Comment: What are your favorite therapy metaphors?





Emotions for engineers

Emotions (for Engineers)

I know this is not typical, but I’d like to share with you an intensely useful metaphor that I absolutely hate. Hating it is especially difficult for me, because I made it up. It’s just not….me. But it’s wildly effective with some clients – especially the analytical, emotionally restricted, very controlled clients.

Let’s start with this: there are 6 basic human emotions. (I know, some researchers say 5, 7, or 9. Some are currently working on disputes. Of course, there are cultural, familial, and other influences. Maybe that’s a topic for another day, along with the relative absence of really good emotion lists or wheels. Today, we speak of Paul Ekman, the father of universal emotion research.)


And while I most want to write about the varieties of emotional experiencing, primary vs. secondary emotions, emotion constellations, and more, instead I’m going to tell you how I sometimes talk to people about emotions who aren’t as “into” emotions as I am. This may be because they’re truly alexithymic, because they were raised in a traditional male gender role or any of a number of cultural systems that value emotional restriction, or because they’re Vulcan. Here goes:

Think of emotions as an internal indicator about the allocation of resources in your environment. Resources could be anything – money, time, relationships, etc.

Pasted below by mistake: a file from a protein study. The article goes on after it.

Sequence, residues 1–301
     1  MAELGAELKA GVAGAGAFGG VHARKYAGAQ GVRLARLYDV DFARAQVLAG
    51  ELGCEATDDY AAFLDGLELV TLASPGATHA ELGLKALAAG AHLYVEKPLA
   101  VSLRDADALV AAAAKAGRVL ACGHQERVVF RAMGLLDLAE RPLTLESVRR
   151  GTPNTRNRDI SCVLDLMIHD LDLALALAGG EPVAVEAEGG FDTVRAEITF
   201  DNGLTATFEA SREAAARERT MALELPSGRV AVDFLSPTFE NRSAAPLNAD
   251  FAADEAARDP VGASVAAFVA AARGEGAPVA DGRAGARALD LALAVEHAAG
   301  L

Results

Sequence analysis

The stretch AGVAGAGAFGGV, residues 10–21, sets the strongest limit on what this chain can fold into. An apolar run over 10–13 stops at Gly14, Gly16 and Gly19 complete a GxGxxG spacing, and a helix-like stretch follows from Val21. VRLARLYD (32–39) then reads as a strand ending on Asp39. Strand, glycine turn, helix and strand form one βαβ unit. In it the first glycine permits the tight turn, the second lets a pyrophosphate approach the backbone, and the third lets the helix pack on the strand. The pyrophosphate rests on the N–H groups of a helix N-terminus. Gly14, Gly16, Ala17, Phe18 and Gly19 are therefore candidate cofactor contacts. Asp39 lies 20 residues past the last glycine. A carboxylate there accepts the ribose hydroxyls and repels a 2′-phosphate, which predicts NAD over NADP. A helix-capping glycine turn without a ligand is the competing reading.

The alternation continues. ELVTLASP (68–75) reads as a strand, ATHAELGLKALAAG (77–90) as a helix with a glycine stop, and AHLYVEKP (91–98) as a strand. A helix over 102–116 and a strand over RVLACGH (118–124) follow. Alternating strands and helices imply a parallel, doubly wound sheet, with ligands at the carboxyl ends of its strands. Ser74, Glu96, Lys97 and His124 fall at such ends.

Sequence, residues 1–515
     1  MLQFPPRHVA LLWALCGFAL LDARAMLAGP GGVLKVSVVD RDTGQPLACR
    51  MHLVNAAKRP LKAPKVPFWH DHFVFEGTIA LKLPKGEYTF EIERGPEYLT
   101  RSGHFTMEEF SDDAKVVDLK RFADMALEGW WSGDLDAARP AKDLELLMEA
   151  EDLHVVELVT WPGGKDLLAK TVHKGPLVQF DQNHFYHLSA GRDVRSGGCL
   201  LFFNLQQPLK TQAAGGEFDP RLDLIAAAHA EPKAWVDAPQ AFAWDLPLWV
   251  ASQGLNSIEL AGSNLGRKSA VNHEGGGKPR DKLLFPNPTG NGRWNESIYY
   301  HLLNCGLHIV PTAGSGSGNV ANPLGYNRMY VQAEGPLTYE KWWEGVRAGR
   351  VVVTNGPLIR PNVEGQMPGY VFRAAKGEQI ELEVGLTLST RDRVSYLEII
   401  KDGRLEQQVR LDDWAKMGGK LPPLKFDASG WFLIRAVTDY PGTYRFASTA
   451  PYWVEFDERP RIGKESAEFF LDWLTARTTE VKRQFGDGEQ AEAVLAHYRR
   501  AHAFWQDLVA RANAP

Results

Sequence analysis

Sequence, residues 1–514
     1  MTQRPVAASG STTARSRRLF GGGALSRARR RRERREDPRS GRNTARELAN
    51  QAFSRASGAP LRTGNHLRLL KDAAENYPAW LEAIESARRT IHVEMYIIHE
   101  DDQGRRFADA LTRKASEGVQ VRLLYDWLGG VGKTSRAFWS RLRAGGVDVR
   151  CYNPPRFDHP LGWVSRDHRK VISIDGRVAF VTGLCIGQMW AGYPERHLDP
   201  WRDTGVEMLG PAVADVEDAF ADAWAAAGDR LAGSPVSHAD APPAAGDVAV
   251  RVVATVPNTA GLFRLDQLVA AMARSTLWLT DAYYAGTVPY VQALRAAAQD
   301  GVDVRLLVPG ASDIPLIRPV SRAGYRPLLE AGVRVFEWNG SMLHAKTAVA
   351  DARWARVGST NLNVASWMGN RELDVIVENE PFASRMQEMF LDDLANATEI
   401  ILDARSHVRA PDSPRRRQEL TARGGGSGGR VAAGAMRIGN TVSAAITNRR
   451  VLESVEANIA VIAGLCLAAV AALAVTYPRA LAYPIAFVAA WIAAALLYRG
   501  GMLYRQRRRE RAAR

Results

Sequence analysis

FEAR – Fear is an emotion that tells us a resource is in danger. The importance of the resource and the level of perceived danger (in intensity, closeness, and ability to deal with it) will determine whether we feel nervous (like when the resource of social status might be threatened by potentially having poor public speaking performance next week) or terrified (the resource of life/health is threatened by an oncoming 18-wheeler).

SADNESS – Sadness is the feeling we have when a resource has been lost. Again, the level of sadness we feel is determined by a few moderators like the importance of the resource (like a close family member), the irretrievability/irreplaceability (like death as opposed to a job loss), and the “realness” (e.g., we feel disappointment when we perceive a loss of something we didn’t actually have yet).

ANGER – We experience anger when resources are perceived to have been distributed unfairly. When we don’t get something that we believe that we deserve, we feel anger in response. It’s something that we can feel this as a response to someone else being unfairly resourced – an abused child being denied safety and love, the environment being destroyed through improper resource management, our kid not winning the science fair even though their project was definitely better than those other kids’.

(note: people often experience anger or something like anger as a “secondary” or “substitute” emotion when they have learned that other emotions are too painful or not acceptable to express, typically fear and/or sadness. More on this in another post, sometime.)

DISGUST – Disgust occurs when a resource is potentially threatened with corrosion or infection. This can be a physiological kind of disgust, like when we are exposed to an obviously ill person or a rotted food. It can also be when we believe our character/environment might be threatened with moral decay or infection by the presence of contemptible others.